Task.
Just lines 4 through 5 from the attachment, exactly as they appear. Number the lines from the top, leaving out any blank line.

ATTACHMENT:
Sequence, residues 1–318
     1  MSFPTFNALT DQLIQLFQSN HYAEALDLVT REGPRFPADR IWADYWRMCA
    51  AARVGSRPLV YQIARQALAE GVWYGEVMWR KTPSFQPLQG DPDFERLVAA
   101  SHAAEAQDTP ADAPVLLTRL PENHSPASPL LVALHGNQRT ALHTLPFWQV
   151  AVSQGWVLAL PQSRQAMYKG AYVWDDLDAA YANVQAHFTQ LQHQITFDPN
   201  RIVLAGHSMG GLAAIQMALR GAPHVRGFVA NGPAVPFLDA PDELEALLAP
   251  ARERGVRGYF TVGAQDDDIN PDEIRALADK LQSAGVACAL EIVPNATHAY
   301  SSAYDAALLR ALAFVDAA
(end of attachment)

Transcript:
   101  SHAAEAQDTP ADAPVLLTRL PENHSPASPL LVALHGNQRT ALHTLPFWQV
   151  AVSQGWVLAL PQSRQAMYKG AYVWDDLDAA YANVQAHFTQ LQHQITFDPN